Close Menu

Emission Reporting Rule

Frequently Asked Questions

Changes to 326 IAC 2-6, the Emissions Statement Rule

Q. Do I have to report?

A. You will only report regularly if you are a Title V source, a source that emits 25 tons or more of NOx in Lake or Porter Counties, or a source that emits 5 tons or more of lead. (Section 1)

Q. How often will I have to report?

A. Sources located in Lake and Porter Counties will continue reporting annually. The rest of the sources in the state will have to report annually only if they have the potential-to-emit VOC or PM10 at 250 tons or more per year, or CO, NOx or SO2 at 2,500 tons or more per year. The rest of the sources will have to report the previous year's emissions data once every three years. (Section 3)

Q. When will I have to report?

A. Emissions Statements are required by July 1st. (Section 3)

Q. Can I go ahead and report on April 15 th even though the reporting date has been changed to July 1st?

A. Yes. Sources can always report early.

Q. Do I have to report this year?

A. Smaller sources located in Lake or Porter County will have to report every year that they actually emit 25 tons or more of VOC or NOx. The rest of the sources will only have to report annually if they have potential to emit 250 tons or more per year of VOC or PM10, or 2,500 tons per year of CO, NOx, or SO2. If you are in the second category, you MAY not have to report this year if you have submitted to IDEM the Administrative Permit Amendment or Notice Only Change. Please refer to Section 3 of the Emissions Statement Rule (326 IAC 2-6) for the reporting schedule.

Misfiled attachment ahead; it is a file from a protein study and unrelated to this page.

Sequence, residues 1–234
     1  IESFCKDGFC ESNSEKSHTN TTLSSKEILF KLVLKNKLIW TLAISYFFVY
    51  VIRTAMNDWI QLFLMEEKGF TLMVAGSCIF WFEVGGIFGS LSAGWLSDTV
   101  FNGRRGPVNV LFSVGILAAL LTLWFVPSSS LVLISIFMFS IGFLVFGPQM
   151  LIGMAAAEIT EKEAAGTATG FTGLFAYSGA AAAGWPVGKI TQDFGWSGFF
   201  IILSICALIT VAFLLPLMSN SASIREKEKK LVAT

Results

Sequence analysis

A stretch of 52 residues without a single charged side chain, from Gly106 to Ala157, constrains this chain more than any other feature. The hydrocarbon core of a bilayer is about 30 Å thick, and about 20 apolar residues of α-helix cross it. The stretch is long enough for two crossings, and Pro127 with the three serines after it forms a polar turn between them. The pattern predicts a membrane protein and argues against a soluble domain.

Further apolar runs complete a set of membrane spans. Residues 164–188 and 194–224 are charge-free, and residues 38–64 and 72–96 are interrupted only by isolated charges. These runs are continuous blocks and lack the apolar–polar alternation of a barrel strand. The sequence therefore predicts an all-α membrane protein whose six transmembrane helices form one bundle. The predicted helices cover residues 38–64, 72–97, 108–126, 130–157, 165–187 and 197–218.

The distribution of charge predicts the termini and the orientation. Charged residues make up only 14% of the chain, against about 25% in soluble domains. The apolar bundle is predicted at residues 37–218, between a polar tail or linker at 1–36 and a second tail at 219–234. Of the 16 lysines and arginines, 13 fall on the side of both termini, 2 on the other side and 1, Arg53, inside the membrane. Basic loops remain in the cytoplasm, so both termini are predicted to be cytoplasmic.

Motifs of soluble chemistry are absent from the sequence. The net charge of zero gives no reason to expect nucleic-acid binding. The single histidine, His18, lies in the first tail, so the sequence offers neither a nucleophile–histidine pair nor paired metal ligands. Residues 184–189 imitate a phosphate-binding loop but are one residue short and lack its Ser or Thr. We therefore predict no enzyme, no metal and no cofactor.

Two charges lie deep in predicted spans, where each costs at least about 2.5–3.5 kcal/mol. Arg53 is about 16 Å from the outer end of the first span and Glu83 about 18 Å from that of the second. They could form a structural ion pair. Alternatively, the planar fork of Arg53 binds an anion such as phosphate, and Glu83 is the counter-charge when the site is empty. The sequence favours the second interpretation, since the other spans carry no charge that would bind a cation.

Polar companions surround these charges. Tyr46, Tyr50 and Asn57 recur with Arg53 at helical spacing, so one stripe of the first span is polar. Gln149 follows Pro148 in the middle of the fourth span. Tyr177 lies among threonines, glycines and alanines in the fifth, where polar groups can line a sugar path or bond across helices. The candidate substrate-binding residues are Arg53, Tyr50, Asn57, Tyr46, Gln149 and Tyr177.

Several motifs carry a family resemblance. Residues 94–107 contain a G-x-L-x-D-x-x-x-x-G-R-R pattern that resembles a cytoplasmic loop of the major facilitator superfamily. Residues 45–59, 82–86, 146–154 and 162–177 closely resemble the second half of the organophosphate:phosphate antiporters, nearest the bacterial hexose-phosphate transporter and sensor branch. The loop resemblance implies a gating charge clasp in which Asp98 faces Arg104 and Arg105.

Q. My source does not have a Part 70 Permit, it is not located in Lake or Porter counties, and I have submitted for the change to the permit (if necessary), do I have to report last year's emissions?

A. No. As long as the IDEM has received the change to your permit we do not expect to receive a emissions statement from you.

Q. My source does not have a Part 70 Permit, it is located in Lake or Porter counties, and I have submitted for the change to the permit (if necessary). Do I have to report last year's emissions?

A. Only if you have a Part 70 permit or have actually emitted 25 tons or more of VOC or NOx. If you have a Part 70 permit, please refer to Section 4 of the rule for the reporting schedule. You may not be required to report annually.